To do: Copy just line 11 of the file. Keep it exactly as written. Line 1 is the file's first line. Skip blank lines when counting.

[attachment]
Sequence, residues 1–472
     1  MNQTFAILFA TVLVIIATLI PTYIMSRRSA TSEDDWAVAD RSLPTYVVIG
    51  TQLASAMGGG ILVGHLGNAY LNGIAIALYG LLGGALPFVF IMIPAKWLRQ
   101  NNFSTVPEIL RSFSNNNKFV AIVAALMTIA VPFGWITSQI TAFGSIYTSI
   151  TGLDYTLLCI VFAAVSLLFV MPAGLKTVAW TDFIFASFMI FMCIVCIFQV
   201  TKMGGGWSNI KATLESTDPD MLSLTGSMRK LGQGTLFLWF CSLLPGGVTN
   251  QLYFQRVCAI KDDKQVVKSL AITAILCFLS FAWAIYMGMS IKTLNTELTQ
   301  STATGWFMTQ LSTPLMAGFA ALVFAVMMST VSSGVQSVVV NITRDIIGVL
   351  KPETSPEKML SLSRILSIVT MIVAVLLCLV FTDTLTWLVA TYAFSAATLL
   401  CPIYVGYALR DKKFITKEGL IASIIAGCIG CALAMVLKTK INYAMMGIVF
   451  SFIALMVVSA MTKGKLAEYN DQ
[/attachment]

   451  SFIALMVVSA MTKGKLAEYN DQ